• Transform magazine
  • August 18, 2022

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Five minutes with Anna Johannes

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Anna Johannes is a former bronze medal-winning Paralympian who now works as a strategist at branding consultancy Interbrand. She speaks to Transform about the concept of inclusive design, her time as a Paralympic swimmer, and how her life experiences will be of use in her new role at the New-York based consultancy.


How have your experiences in life informed your opinions about inclusivity as something which should be strived towards?

I was born without my left hand and forearm, so I didn't really get to choose to not be passionate about disability. It's kind of followed me around, obviously, and given me so many opportunities that I never saw coming. My experiences from being a Paralympic athlete and being around people with disabilities all my life and then, even since I retired, still carrying that with me, whether I'm on the board of Adaptive Sports New England or actually coaching future Paralympians once a week at our swim programme, these life experiences just helped drive me forward.

I did try and escape the disability world a little bit. I worked for Speedo for a little bit, so I didn't get away from the swim world! I then took a roundabout way to finally get here just because it's not something that you can ignore and I've just really gotten so much more passionate about bringing the experience from the Paralympics and different non-profits into the corporate world and making this a priority.


Tell me about your transition from bronze medal-winning Paralympian to strategist at a global brand consultancy. Was this a career move you envisioned for a long time, or was it more the case that as things evolved it became obvious this was right for you with your expertise and experiences?

I didn't necessarily choose to retire. I had a last-minute surgery that took me out of contention before trials and it was hard to get back on track after 2013. I hung on so long because I knew the value of being a Paralympian and I just wanted to be able to use that to make a difference. Then it got to a point where I just had to retire, and it was hard to transition. You're a whole different person. You're giving up your entire life and changing who you are completely.

I took that to probably more of an extreme than I needed to. At first I tried to close myself off and just be a corporate machine and be a sales rep or fundraiser, and then I realised that you can't; you don't ever really retire. Swimming, being a Paralympian, these experiences live with you. I was able to - especially in recent years - just bring that passion and understand that my strengths in the pool could translate into strengths into the business world.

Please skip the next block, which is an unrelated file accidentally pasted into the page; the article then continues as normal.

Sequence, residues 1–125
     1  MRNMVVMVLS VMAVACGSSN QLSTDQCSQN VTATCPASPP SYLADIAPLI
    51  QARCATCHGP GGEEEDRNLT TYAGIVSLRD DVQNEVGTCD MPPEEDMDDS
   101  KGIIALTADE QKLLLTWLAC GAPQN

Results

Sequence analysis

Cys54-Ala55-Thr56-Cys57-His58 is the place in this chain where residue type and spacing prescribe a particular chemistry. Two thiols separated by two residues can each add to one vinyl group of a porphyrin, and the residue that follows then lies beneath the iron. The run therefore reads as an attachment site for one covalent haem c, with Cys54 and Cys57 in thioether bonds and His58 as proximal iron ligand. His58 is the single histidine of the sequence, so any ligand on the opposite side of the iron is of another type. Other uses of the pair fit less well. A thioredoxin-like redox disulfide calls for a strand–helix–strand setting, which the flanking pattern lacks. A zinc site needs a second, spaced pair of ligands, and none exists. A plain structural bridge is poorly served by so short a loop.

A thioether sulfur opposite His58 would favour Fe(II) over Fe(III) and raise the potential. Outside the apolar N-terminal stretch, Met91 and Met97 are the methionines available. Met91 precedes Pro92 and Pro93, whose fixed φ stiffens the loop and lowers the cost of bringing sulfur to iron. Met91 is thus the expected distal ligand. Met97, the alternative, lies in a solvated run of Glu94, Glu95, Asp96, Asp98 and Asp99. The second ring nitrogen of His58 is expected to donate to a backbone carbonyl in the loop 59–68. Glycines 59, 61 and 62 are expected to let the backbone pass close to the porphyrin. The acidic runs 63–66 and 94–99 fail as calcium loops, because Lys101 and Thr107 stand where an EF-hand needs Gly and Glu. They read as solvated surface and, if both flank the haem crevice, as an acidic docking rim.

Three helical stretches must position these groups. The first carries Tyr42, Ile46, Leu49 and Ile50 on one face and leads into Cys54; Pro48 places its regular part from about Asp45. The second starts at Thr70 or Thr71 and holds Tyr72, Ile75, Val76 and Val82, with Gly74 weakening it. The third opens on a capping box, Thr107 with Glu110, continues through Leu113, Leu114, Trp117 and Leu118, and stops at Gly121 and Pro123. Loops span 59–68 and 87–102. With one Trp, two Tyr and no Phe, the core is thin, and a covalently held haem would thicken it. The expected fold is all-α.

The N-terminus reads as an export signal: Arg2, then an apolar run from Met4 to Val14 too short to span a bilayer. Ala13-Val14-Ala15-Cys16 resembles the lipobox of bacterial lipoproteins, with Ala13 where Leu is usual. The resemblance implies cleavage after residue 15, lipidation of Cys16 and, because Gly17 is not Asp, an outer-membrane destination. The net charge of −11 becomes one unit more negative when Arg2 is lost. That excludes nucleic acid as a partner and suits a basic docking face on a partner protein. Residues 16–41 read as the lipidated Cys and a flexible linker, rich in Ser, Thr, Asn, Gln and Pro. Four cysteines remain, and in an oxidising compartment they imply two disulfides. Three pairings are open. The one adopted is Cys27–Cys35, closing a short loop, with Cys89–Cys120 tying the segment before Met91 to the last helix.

It took a little bit while, but I definitely didn't see this coming to be honest. I just was trying to survive after being retired but I just don't know how to shut up about disabilities!


What does the idea of inclusive design mean to you?

Inclusive design, I think for me, just means design. You know, I think it's so interesting that accessibility seems like a niche thing. There's not enough [people with disabilities] for it to be demanded at this point, so I think inclusive design for me is just regular design. I use products that weren't made for people with disabilities but benefited. So, inclusive design means just products that work for everyone and you can get them anywhere.


Do you feel this is an area of branding which has been neglected up until now? If so, why is that?

Yeah, it stems from just centuries of ableism. I think 2020 taught people, especially Americans, about systemic white supremacy, racism, homophobia; all these things are just baked into our society and ableism is part of that. In the United States, we even have laws up until [1974] called the 'ugly law' where people with disabilities were legally required to hide their disability or not go into public if they can't. There are these things that we've covered up and have just been inherently part of the systems that we're used to. It all starts with education because you don't know what you don't know, and you can't blame society and your average American or your consumer for not understanding this. But once you realise the benefit, or just that you are being exclusive by not doing inclusive design, you can't unsee it. You can't unbake a cake, so it's re-focussing it and just making it part of everyday life.


It seems you are still a pioneer in this field. Do you worry that this may become merely a ‘box ticking’ exercise for brands going forward, or do you believe they will truly appreciate its value and potential?

I think it's both. I think there's some brands like Apple and Microsoft and even Nike who are embracing it and understanding not just the human aspect of inclusive design, but the business aspect of it. It's not just like something nice to do to help a disabled community, but something that needs to be done like sustainability. I think the 'check boxing' is the corporate world's response to so many different things within DEI, and I think so many marginalised groups feel like a checkbox, especially when you're the only one in the room talking about your marginalised community. It just takes work.